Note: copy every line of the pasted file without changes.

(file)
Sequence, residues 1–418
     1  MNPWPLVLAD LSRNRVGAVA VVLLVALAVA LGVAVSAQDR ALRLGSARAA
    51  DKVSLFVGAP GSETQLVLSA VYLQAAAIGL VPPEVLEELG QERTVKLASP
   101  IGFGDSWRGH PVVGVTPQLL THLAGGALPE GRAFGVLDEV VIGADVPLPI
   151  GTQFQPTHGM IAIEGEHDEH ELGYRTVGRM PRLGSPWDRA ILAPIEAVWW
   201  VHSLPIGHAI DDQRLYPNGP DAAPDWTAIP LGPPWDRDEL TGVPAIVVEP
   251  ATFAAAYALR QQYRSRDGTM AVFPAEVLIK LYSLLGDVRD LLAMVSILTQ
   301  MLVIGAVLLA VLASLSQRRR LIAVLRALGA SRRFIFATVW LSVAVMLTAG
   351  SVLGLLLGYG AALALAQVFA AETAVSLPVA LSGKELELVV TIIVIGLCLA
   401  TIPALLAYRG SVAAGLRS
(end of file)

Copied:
Sequence, residues 1–418
     1  MNPWPLVLAD LSRNRVGAVA VVLLVALAVA LGVAVSAQDR ALRLGSARAA
    51  DKVSLFVGAP GSETQLVLSA VYLQAAAIGL VPPEVLEELG QERTVKLASP
   101  IGFGDSWRGH PVVGVTPQLL THLAGGALPE GRAFGVLDEV VIGADVPLPI
   151  GTQFQPTHGM IAIEGEHDEH ELGYRTVGRM PRLGSPWDRA ILAPIEAVWW
   201  VHSLPIGHAI DDQRLYPNGP DAAPDWTAIP LGPPWDRDEL TGVPAIVVEP
   251  ATFAAAYALR QQYRSRDGTM AVFPAEVLIK LYSLLGDVRD LLAMVSILTQ
   301  MLVIGAVLLA VLASLSQRRR LIAVLRALGA SRRFIFATVW LSVAVMLTAG
   351  SVLGLLLGYG AALALAQVFA AETAVSLPVA LSGKELELVV TIIVIGLCLA
   401  TIPALLAYRG SVAAGLRS